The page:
And I’m An Alcoholic The U.S. presidential race is in full swing, and late last month the Democratic and Republican parties officially announced their candidates at their respective conventions. At the opening night of the Democratic Convention, one speaker quietly made his way to the stage and started his speech with a familiar refrain:
Mayor Marty Walsh: Sober for 21 years
Marty Walsh has been the mayor of Boston, Massachusetts since 2014, and he’s been sober since 1995.
Before running for mayor, Walsh was elected to the Massachusetts House of Representatives. And before that, he had worked in the Labor Trades, becoming president of his local union at the age of 21. By 22 though, he had found a fondness for alcohol and began drinking heavily.
In his speech, he credits his recovery to the support of the labor movement and his family. “On April 23, 1995, I hit rock bottom,” he told the audience at the Democratic Convention. “I woke up with little memory of the night before and even less hope for the days to come. Everybody was losing faith in me, everybody except my family and the labor movement.”
He hasn’t had a drink since, and more than 20 years into recovery, he still reportedly attends Alcoholics Anonymous meetings.
Shedding the stigma
Mr. Walsh is a supporter of Hillary Clinton, and voiced his support throughout his speech. As there always are in politics, there will certainly be critics. But politics aside, people like Mayor Walsh are helping to shed the stigma of addiction.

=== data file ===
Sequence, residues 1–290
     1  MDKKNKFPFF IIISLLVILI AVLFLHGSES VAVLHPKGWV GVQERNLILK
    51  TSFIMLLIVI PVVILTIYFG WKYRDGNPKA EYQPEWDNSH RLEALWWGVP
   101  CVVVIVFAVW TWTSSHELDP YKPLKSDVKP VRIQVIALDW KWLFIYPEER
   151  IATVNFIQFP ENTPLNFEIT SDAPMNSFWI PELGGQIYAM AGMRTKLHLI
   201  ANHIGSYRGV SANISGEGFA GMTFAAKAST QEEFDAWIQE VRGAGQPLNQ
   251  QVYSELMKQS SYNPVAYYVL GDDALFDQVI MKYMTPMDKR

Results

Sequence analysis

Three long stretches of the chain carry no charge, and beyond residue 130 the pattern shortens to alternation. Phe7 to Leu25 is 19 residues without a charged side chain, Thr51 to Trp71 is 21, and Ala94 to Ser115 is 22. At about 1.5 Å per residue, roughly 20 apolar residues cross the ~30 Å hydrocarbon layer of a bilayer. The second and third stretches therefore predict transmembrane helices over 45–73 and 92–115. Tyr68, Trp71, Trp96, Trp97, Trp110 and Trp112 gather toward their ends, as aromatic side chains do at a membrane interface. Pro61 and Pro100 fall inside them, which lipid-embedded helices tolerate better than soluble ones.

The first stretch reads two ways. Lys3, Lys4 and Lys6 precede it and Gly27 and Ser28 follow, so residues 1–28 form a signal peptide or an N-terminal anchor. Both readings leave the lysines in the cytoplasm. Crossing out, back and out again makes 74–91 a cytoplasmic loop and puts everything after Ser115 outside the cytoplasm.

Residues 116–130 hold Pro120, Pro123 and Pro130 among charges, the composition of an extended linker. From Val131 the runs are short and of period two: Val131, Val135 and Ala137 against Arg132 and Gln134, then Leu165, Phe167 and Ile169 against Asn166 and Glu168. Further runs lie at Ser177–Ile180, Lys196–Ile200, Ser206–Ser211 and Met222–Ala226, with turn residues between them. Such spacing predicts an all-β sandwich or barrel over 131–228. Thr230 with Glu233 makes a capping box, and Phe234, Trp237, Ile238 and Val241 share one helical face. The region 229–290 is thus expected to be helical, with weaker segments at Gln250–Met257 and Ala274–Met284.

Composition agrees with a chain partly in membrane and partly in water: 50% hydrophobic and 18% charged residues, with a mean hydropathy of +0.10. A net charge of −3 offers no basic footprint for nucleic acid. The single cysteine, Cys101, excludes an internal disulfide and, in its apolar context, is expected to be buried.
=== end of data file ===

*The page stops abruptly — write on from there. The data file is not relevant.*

Boston Magazine ran a follow-up feature on Walsh’s speech a few days after it aired. In it, they spoke with Lori McCarthy, director of clinical outreach at the Cape Cod addiction treatment center where Mayor Walsh sought treatment decades ago. During the interview, Ms. McCarthy explains that more than anything, Mayor Walsh’s speech represents hope for those with substance abuse problems.
“Someone like Mayor Walsh, who is so openly proud of his recovery, not only reaches out to the recovering community,” she says. “But it also gives so much hope to families and individuals that are still suffering the consequences of addiction.”
And more than support, she told the magazine, his candidness can go a long way in encouraging people to get people the care they need. “The more people that are known—CEOs and presidents of colleges and clergy and the mom or the dad—[the better,]” she says. “If we can be more open about recovery, then it’s going to be easier for people to accept treatment.”
Getting treatment when you need it
Our society and justice system still has a ways to go as far as reform. It is unfortunate but true that, because of the structure of our legal system, many addicts receive punitive sentences instead of the treatment they need to get better.
But with conversations like those from the Mayor Walshes of the world, there is hope for change.
Still, even without immediate justice system reform, all is not hopeless for addicts. If you’re suffering from substance abuse, we can help you. If your family is suffering because someone you love is addicted to drugs or alcohol, we can help you.
We have a care team that is both knowledgeable and compassionate. Recovery is possible. Call us to learn how we can make it happen with you: 1-800-861-1768.Tags: 2016 presidency, alcoholic, politics